Both Farhi and Deborah Adele bring up personal satisfaction and the commonplace action to reference others in determining one’s own satisfaction. This comparing oneself to others often leaves an individual feeling something is lacking, in a sense they have stolen from themselves by not looking inwards. Emma at Ekhart Yoga sums this up succinctly (and you can read more of her explanation here)

The need to steal essentially arises because of a lack of faith in ourselves to be able to create what we need by ourselves

From that vantage point of comparison, it becomes easy to insert oneself into conversations with others so that the conversation becomes about you rather than the person you are speaking with, in a sense stealing from others. To quote Adele quoting Yogi Bhajan:

Be a forklift; you should always be lifting people up.

According to Deborah Adele, “we steal from others, we steal from the earth, we steal from the future, and we steal from ourselves.” She suggests a practice of reciprocity in order to give back what has been taken.

Both Farhi and Adele believe that Asteya necessitates looking inwards to see who you are and who you want to be, and then turning your attentions and actions to the deeds needed to achieve your goals. As Donna Fahri states

Not stealing demands that we cultivate a certain level of self-sufficiency so that we do not demand more of others, our family, or our community than we need. It means that we don’t take any more than we need, because that would be taking from others.

One way to help cultivate that sense of taking only what is needed is to build a practice of gratitude. Acknowledging all that one has to be grateful for is a way to foster a “sense of abundance.” Again to quote Deborah Adele, this time quoting Albert Einsten:

A hundred times a day I remind myself that my inner and outer life depend on the labors of other people, living and dead, And that I must exert myself in order to give in the full measure I have received and am still receiving.

My prior posts on the Yamas:
Ahimsa – Nonviolence
Satya – Truthfulness

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Yamas: Satya ~ Truthfulness

Satya is the second of the five yamas, the yamas being the first of the 8 Limbs of Yoga. Two years ago, for our 200 hour yoga teacher training graduation, each of us led a portion of a one hour practice designed so that any of our guests would be able to participate. I guided the final part of practice consisting of Savasana as well as an explanation of Satya, and a summing up of our group-led practice.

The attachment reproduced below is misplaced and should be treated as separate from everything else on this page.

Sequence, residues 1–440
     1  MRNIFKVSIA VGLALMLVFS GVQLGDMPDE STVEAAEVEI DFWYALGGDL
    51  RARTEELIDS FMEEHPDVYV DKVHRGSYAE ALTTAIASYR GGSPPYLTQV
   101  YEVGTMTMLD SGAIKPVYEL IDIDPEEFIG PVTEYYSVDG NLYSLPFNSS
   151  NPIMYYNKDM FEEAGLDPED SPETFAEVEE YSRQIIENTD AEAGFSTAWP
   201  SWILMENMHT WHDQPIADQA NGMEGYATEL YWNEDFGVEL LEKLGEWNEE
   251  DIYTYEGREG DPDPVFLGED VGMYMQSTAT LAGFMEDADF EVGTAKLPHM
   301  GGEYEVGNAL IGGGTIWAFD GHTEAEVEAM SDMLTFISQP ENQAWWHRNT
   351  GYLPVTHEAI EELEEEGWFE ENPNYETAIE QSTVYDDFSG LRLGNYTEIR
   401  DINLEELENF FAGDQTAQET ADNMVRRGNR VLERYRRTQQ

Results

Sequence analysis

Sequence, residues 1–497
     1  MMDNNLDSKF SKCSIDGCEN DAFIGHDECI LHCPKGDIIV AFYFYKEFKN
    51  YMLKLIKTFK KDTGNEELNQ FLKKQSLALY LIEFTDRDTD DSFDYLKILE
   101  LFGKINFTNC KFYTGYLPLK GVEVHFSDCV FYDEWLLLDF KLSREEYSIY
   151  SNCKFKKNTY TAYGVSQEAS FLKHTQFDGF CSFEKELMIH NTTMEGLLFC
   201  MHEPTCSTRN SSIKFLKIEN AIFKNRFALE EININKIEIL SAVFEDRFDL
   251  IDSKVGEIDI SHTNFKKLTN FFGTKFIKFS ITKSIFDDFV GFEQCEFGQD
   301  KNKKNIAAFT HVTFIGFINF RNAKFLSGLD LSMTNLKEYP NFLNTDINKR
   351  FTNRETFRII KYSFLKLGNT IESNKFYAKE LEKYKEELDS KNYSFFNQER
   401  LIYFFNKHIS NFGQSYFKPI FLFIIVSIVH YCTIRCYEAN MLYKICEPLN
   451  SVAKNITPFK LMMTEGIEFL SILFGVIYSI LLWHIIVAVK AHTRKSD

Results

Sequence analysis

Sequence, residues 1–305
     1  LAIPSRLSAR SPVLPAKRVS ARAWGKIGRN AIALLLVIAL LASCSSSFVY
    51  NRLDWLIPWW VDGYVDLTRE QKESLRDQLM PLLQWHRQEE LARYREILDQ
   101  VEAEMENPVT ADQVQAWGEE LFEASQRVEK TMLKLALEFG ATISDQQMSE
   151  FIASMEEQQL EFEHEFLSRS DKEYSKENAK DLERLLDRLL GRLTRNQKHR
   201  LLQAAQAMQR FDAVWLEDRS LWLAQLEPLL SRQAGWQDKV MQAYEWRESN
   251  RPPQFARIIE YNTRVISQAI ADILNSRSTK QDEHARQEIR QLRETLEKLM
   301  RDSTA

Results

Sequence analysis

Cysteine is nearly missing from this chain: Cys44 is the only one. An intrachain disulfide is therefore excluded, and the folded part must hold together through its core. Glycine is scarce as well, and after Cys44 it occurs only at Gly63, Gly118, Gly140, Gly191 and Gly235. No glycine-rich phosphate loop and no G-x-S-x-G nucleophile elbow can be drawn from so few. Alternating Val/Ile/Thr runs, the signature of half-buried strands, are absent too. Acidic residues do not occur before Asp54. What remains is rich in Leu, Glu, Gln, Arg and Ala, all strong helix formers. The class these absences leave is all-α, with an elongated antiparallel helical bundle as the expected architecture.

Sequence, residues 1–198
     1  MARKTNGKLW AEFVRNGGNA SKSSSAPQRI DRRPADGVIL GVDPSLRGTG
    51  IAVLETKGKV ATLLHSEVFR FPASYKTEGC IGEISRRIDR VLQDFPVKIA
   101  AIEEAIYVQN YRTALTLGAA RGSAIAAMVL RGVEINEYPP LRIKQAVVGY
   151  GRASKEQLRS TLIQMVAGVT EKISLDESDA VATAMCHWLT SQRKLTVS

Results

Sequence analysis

As Donna Fahri has written, Satya is a commitment to Truth, truth with others and truth with oneself. I was particularly taken by her statement to “practice right speech…when we say something we are sure of its truth.” This asks for a commitment to only utter words that you have validated as true; leave out the gossip, innuendo, “office cooler” talk, assumptions and the like.

The practice resonates deeply with me, because I know how easy it is to get sucked into the non-right speech of others. This is also a reminder that to try to construe someone else’s meaning based solely on their actions is likely to yield incorrect non-right thoughts or speech; it is much more effective and accurate to actually speak with that someone else and ask them for clarification.

Deborah Adele suggests that another aspect of Satya is to be your “real” self rather than being “nice”. It is one thing to be polite, another to be nice, particularly if being nice translates to saying words that are inaccurate in an attempt to not say anything that may be construed as uncomplimentary. For many of us who grew up feeling we needed to be nice to everyone, even if it meant telling a fib, it can be a refreshingly newly learned behavior how to speak politely and still tell the truth. One of my favorite quotes from my 200 hour teacher training is from Paula, who said

A good no is better than a bad yes.

Deborah goes on to rephrase the psychologist/psychiatrist Carl Jung in her discussion of how each person’s truth will change over time: What is true at one point for us will, at some point no longer serve us and therefore eventually becomes a lie. After all, we change and grow and develop over time, and as we change our needs and what is “true” for us also changes. We need to change our truth to accommodate our development as humans.

Ekhart Yoga, an online repository of yoga practices, meditations, talks, and readings that I periodically pop over and check out, has a series of articles about the yamas, including this article on Satya. Emma’s post offers another way to look at the meaning of Satya, and provides a way to cultivate a personal practice of Satya in daily life and on the mat.

My prior posts on the Yamas:
Ahimsa – Nonviolence